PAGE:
I am an extremely good calculator. With enough concentration, I can usually make it a move beyond the best players I have played against, that is, if I am looking and I have been alerted to calculate in a position. (Time trouble was an issue early on in my career, because I would try to brute-force every position, because I had no intuition.) Since I am particularly good in this forum, and because time is limited, as I approach the 2015 World Open, I would like to get two circles in and focus more on pattern recognition. For those reasons, I have chopped the outermost circle off of the Seven Circles regimen, as de la Maza conceived of it. Effectively, I am doing a Six Circles program, while being a little less Dante-esque, it will likely serve as much more hellish.
I am still faced with the issue of deciding upon books and other problems sets for the second of my Seven Circles programs. Feel free to posit suggestions, e.g., books that have problems you think are rated between 1600 and 2100. These could include particular problems from books, mixing and matching, and it can include general tactics, combinations, and mates. The more essential the problems are for 1600-2100, the better. I could be boring and probably yield less efficacy by signing up to go through Reinfeld’s 1,001 combination, but I really do want to maximize the program; and I think some of the problems in that book are easier, 1400-1600 level. Feel free to make suggestions.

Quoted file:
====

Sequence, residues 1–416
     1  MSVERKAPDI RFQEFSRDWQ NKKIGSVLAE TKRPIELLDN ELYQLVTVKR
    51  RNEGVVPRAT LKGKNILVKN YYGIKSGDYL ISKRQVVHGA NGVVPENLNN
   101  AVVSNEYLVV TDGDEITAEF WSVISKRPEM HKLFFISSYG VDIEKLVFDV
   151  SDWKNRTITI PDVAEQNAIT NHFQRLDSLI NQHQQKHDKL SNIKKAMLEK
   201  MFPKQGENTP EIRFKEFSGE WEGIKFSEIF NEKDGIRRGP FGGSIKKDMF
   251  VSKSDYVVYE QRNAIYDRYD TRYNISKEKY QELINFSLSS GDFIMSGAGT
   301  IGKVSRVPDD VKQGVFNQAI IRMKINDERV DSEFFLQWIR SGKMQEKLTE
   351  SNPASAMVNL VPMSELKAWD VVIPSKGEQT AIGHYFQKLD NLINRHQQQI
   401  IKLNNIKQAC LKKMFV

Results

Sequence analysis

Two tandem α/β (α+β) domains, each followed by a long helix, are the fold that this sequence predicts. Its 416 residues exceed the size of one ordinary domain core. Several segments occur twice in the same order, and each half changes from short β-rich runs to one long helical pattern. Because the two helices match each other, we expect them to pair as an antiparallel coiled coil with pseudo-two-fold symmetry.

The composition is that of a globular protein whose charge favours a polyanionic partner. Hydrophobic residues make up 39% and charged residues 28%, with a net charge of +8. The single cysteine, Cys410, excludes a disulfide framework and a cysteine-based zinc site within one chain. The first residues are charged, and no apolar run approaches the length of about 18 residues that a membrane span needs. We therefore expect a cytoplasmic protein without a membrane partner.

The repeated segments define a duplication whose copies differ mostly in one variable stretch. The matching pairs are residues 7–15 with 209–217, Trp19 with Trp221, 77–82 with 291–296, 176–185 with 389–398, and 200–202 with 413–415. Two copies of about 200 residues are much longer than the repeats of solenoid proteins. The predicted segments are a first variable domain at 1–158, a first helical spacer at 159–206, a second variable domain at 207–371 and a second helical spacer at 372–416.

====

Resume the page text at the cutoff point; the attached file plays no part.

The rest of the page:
I will report on my progress (I am four days into the first Seven Circles) after I complete it, even if I use chess.com blitz as the metric. The ultimate conclusion from the two circles will come in July.